Today is Super Bowl Sunday, and it’s only eight hours to kickoff.  Can you feel the excitement brewing?  I heard this week about a man who was thrown out of his own church after he heard his pastor suggest that people should be as excited about church as they are about the Super Bowl.  Seems there was a problem when he carried that suggestion a bit too far and dumped a bucket of Gatorade on the pastor’s head after the sermon.  So as a cautionary note, please try to curb your enthusiasm as you listen to my thoughts today.  But please do continue to share your excitement about church.

Today’s Scripture reading is a continuation of last week’s, where, in the synagogue at Nazareth, we heard Jesus reading from the book of the prophet Isaiah and declaring, as we heard again this morning, “Today this scripture has been fulfilled in your hearing.”  They had heard of God’s generous spirit who promised deliverance and hope to God’s people.  They heard how they, as the oppressed, would be led to freedom—their enemies defeated by the wrath of God.  We’re told they found these words “gracious”—that is, filled with grace.  And they were amazed—perhaps even stunned—that the deliverer of these words was one of their own—Joseph the carpenter’s son, Jesus.

So, what went so terribly wrong here?  Why did Jesus say, “Truly, I tell you, no prophet is accepted in the prophet’s hometown”?  And why was everyone gathered in the synagogue filled with rage?  So incensed were they, that they drove Jesus out of the town, to the brow of the hill on which Nazareth was built, where they intended to hurl him off the cliff.

Puzzling, isn’t it?  I feel like we’re reading the Reader’s Digest condensed version of this story or maybe the Biblical Cliff Notes—no pun intended .  I try to visualize this scene but can’t wrap my head around the sudden shift from praise-for-the-local-hero to the mob mentality that sent Jesus running for his very life.  It’s hard for me—and probably for you, too—to imagine what Jesus could have said in two short verses that incited his hearers to try to through him off a cliff. — Perhaps this is reminiscent of the temptation in the desert where Jesus was taunted by the evil spirit to throw himself off the cliff so his angels could rescue him.  But these were people who had been at prayer in the temple—not some unruly crowd gathered at the local pub.  WE’D never react like that to Jesus’ words—or would we?  Perhaps we need to dig deeper to see what challenge Jesus is offering us today.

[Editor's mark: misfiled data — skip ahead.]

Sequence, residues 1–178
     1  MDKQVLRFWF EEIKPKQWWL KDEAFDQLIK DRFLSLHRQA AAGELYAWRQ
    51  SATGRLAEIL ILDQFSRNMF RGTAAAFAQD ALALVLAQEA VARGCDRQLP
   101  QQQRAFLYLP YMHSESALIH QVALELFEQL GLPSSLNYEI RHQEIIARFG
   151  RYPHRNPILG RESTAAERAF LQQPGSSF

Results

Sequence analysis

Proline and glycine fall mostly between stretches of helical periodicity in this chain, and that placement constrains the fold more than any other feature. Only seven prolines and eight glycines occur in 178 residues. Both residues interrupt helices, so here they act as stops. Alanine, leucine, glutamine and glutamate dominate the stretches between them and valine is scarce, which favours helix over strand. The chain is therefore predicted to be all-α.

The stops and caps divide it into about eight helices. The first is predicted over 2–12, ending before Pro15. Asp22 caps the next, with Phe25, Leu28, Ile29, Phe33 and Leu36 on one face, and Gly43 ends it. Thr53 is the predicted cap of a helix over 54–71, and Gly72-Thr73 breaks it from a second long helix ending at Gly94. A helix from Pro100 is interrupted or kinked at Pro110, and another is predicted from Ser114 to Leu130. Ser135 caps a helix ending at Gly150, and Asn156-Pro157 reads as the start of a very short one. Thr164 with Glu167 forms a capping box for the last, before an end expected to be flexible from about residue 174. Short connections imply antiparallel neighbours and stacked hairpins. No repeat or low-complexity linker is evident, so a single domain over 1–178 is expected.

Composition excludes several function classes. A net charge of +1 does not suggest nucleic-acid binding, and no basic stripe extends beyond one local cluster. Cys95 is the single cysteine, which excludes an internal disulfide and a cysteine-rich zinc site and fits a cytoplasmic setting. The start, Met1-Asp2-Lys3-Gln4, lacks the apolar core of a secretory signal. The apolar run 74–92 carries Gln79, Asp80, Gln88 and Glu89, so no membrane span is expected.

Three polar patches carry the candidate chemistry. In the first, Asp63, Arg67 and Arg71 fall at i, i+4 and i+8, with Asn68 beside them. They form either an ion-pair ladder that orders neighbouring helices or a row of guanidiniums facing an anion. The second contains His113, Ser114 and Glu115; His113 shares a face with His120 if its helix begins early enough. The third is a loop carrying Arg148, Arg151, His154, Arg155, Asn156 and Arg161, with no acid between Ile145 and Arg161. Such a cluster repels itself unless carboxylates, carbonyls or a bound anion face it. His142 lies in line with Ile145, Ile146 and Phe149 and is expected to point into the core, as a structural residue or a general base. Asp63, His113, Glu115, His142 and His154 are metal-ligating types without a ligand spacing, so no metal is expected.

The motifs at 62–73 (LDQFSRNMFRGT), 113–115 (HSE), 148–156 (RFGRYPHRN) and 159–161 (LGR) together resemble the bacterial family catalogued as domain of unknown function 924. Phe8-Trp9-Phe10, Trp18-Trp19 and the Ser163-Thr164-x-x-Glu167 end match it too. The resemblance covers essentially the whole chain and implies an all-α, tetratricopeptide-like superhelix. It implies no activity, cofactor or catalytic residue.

To quote from last Sunday’s scripture, Jesus read these words from the prophet Isaiah:

The Spirit of the Lord is upon me, because he has anointed me to bring good news to the poor.
He has sent me to proclaim release to the captives and recovery of sight to the blind, to let the oppressed, go free, to proclaim the year of the Lord’s favor

This might sound like all the blessings the Jewish people sought from God, and it might sound like it offers them what God promised in Jeremiah in 29:11—“I know the plans I have for you, plans for peace, not disaster, reserving a future full of hope”—but there’s a twist here, a twist that was not lost on those in the synagogue that day.

Jesus explained to them through his examples of Elijah being sent not to the deserving faithful but to a widow in Sidon—a woman, a Gentile, and a foreigner—and Elisha healing not the deserving faithful lepers in Israel but only the Gentile Naaman the Syrian.  I can only surmise that the listeners that day thought Jesus was taking this love your neighbor thing a bit too far!  It’s like they reacted from a scarcity perspective—thinking there was not enough of God’s mercy to go around and that it should be the sole property and inheritance of the Jews.